THE TRUTH ABOUT APPLE: Steve Jobs Left Tim Cook Quite A Few Problems

THE TRUTH ABOUT APPLE: Steve Jobs Left Tim Cook Quite A Few Problems

JAY YAROW

MAY 3, 2014, 9:32 AM

A lot of people — myself included — have been critical of Tim Cook as CEO of Apple. 

My main criticism for Cook is that Apple’s sales growth has slumped to low single digits. During this period of extreme sales growth deceleration, Cook has done very little to diversify Apple’s product line. He has essentially kept the same line of products at the same price in place.

Other people have been much harsher. They say Apple is doomed without Steve Jobs. They say it will not be an innovative force in technology anymore, and that it will be lapped by Google, Amazon, Samsung, Facebook, and whoever else.

The most critical judge of Cook may be Yukari Iwatani Kane, who wrote a whole book on the subject called, “Haunted Empire: Apple After Steve Jobs.”

Bloomberg Businessweek reporter Brad Stone reviewed Kane’s book for The New York Times. Generally, he’s not that impressed by it. He calls it “a well-reported but premature evaluation of the post-Jobs era.”

In Stone’s review, he actually provides a deeper insight into Apple than Kane’s entire book. It’s an insight that we haven’t seen written anywhere else, but it does a better job of explaining Tim Cook’s Apple than perhaps anyone else has thus far. Here’s Stone:

In fact, “Haunted Empire” reminds one of just how many problems Apple’s co-founder handed off to his successor. It was Jobs, furious at his putative allies at Google, who steered Apple into its endless patent battle with Samsung over Android. And it was Jobs, aiming to dethrone Jeff Bezos as the king of digital books, who clumsily herded book publishers into a pricing scheme that attracted the attention of the Justice Department, and which a judge later found to be unlawful. In a sense, Cook is still cleaning up messes left by the man whom the world roundly crowned, in a period of understandable mourning, as an unparalleled business genius.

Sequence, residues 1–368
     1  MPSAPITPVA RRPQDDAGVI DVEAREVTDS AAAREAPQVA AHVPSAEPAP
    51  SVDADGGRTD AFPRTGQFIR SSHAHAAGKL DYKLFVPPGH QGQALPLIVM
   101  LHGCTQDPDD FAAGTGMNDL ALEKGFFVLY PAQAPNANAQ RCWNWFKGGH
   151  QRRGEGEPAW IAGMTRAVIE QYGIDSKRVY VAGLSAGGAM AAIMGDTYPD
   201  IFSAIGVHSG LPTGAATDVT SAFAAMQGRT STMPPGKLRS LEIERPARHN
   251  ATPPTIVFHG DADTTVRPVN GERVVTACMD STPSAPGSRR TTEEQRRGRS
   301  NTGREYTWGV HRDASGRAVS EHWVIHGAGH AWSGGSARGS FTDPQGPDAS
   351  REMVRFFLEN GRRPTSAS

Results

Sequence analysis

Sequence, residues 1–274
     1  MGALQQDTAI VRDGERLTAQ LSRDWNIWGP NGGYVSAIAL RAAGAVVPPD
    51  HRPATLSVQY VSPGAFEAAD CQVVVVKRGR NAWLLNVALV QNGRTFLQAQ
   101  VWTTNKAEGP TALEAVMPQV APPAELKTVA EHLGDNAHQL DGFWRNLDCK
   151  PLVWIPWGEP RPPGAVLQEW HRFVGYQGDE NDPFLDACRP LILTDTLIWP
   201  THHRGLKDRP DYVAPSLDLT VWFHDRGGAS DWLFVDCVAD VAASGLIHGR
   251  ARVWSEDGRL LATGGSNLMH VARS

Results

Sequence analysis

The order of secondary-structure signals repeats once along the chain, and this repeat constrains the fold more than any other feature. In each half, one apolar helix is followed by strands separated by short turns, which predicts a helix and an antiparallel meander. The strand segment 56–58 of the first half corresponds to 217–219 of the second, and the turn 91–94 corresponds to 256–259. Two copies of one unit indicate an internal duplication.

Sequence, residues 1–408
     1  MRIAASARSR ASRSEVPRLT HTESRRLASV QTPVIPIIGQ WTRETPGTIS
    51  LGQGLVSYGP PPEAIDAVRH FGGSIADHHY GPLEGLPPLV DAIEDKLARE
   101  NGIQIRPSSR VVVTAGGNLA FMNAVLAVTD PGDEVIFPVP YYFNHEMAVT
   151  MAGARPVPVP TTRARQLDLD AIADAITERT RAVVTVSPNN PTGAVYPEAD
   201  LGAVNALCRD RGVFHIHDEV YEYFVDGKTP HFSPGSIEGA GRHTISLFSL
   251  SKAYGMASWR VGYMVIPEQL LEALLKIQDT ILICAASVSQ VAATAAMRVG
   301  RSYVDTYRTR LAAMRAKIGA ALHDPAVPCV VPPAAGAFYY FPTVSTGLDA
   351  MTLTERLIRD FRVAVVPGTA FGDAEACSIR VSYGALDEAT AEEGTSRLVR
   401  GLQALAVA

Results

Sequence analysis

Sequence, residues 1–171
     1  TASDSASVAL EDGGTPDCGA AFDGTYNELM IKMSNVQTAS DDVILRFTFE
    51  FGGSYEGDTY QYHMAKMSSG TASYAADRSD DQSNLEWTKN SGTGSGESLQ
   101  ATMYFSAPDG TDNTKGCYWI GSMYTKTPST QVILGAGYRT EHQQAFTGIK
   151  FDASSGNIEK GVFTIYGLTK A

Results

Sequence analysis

Many people thought of Apple as a hot rod ripping down the road. All Cook had to do was take the wheel and keep things going.

And Jobs most certainly left behind a great company with great people in great shape.

But it’s not as simple as just keeping the car pointed in the right direction. Jobs’ death left a massive vacuum at Apple. Every major decision ran through Jobs. Cook was not the same sort of visionary leader who was going to make a call on every product detail.

With Jobs gone, the visionary role needed to be filled. Jony Ive, who led hardware product design was jockeying with Scott Forstall, who led software product design for that slot. Ultimately, Cook had to choose. He went with Ive, and the ramifications of that selection are still being sorted out today at Apple.

Choosing Ive over Forstall represented a cultural shift for Apple. Jobs fostered a competitive, even adversarial, environment for executives at Apple. Cook wanted to create a more collaborative environment.

While he was refashioning Apple in his own vision, the technology industry didn’t hit pause. It continued to charge ahead.

Now, however, Apple has its top executives in line, it’s close to completing an overhaul of its software, and it should be ready to go for the next five years.

The next 12 months at Apple will give us a truer sense of Tim Cook’s Apple.

About bambooinnovator
Kee Koon Boon (“KB”) is the co-founder and director of HERO Investment Management which provides specialized fund management and investment advisory services to the ARCHEA Asia HERO Innovators Fund (www.heroinnovator.com), the only Asian SMID-cap tech-focused fund in the industry. KB is an internationally featured investor rooted in the principles of value investing for over a decade as a fund manager and analyst in the Asian capital markets who started his career at a boutique hedge fund in Singapore where he was with the firm since 2002 and was also part of the core investment committee in significantly outperforming the index in the 10-year-plus-old flagship Asian fund. He was also the portfolio manager for Asia-Pacific equities at Korea’s largest mutual fund company. Prior to setting up the H.E.R.O. Innovators Fund, KB was the Chief Investment Officer & CEO of a Singapore Registered Fund Management Company (RFMC) where he is responsible for listed Asian equity investments. KB had taught accounting at the Singapore Management University (SMU) as a faculty member and also pioneered the 15-week course on Accounting Fraud in Asia as an official module at SMU. KB remains grateful and honored to be invited by Singapore’s financial regulator Monetary Authority of Singapore (MAS) to present to their top management team about implementing a world’s first fact-based forward-looking fraud detection framework to bring about benefits for the capital markets in Singapore and for the public and investment community. KB also served the community in sharing his insights in writing articles about value investing and corporate governance in the media that include Business Times, Straits Times, Jakarta Post, Manual of Ideas, Investopedia, TedXWallStreet. He had also presented in top investment, banking and finance conferences in America, Italy, Sydney, Cape Town, HK, China. He has trained CEOs, entrepreneurs, CFOs, management executives in business strategy & business model innovation in Singapore, HK and China.

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